What if there was a simple initiative to make your workplace one where people actually want to work, contribute, and belong? And what if it was completely free, required no special training, and would generate results immediately?That initiative isn’t too good to be true. It exists and it is surprisingly simple.
"Please" and "thank you" are among the first social courtesies we are taught. Beyond just good manners, a wealth of research over the last 20 years has illuminated what happens inside a grateful brain as well as the physical, emotional, and social benefits. When we appreciate what is good in our lives, we are inspired to do good things. We are more generous, altruistic, and kind to others. People with more grateful dispositions report being happier and more satisfied with their lives.
Gratitude functions as the “social glue” that enables us to cultivate new relationships and nurture existing relationships — the very foundation of a civilized society. Why, then, shouldn’t it be the foundation of a civilized workplace?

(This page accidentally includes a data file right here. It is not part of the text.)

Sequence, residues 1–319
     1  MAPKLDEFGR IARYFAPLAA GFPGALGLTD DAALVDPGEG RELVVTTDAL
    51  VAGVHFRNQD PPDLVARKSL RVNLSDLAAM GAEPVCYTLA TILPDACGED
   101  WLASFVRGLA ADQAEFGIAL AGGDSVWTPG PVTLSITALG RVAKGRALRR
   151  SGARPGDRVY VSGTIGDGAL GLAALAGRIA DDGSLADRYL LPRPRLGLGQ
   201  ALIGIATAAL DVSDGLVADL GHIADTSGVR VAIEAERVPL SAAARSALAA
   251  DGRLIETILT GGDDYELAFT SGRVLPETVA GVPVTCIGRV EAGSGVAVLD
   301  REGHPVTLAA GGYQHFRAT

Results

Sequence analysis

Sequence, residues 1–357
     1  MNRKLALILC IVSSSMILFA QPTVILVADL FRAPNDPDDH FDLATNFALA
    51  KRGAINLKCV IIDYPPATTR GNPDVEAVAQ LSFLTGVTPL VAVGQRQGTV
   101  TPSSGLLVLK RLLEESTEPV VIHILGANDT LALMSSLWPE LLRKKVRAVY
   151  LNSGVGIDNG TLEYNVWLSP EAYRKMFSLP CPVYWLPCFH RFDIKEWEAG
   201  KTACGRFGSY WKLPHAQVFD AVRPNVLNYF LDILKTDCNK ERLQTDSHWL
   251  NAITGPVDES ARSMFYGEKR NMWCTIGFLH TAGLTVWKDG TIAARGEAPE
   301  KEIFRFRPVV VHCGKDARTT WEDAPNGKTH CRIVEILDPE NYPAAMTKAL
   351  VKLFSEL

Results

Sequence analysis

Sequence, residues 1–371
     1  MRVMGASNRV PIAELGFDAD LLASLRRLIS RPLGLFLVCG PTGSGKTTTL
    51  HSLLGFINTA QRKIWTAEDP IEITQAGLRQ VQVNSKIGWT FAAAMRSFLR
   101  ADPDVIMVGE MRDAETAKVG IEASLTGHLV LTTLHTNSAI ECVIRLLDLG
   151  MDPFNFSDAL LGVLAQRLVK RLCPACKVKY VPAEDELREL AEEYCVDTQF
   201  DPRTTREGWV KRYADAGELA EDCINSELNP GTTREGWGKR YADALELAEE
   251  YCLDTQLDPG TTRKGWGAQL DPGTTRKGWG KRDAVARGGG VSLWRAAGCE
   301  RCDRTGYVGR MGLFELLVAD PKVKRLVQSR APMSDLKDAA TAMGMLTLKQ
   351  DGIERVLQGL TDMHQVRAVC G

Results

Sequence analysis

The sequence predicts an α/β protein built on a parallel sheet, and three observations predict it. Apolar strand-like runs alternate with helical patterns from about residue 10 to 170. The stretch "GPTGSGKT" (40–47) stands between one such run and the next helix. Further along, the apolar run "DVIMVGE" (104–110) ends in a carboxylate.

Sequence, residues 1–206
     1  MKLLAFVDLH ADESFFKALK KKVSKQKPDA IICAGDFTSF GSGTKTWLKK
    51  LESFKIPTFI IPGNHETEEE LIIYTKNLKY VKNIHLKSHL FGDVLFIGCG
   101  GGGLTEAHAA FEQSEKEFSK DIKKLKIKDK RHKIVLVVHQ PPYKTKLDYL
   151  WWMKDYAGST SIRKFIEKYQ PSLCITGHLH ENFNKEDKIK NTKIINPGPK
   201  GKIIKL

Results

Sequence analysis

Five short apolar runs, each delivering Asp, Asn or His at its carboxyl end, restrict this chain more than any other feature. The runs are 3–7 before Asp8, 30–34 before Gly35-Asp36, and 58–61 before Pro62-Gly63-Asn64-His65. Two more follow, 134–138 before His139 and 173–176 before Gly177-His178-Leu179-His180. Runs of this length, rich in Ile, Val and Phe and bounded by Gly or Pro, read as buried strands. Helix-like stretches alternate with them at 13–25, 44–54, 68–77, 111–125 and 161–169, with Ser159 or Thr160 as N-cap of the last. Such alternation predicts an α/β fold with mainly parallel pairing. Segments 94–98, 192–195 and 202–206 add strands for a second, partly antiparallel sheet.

Just like in our personal lives, a sense of gratitude can improve self-esteem, optimism, a sense of unity, and overall well-being at work. When we extend expressions of gratitude with our colleagues, we create a "pay it forward" chain of positivity. Employees who feel appreciated are more productive, better team players, and more engaged – the essential ingredients for organizational success.
People may work for the paycheck, but they go the extra mile when they feel appreciated and are recognized for their contributions.
Implementing gratitude into your organization doesn't have to be an HR initiative rolled out from the leadership team. Whether it is a simple "thank you" note or a more formal expression of appreciation, the psychological effects of gratitude in the workplace can have a tremendous impact on job satisfaction, effort, productivity, and corporate culture.
My new eBook, Gratitude at Work: It’s more than good manners; it’s good business, was designed to help you cultivate the power of gratitude in your organization. Whether you are the CEO, the receptionist, or the custodian, every single one of us has the power to put gratitude to work. If you don't think one person is powerful enough to be a catalyst for positive organizational change, think again!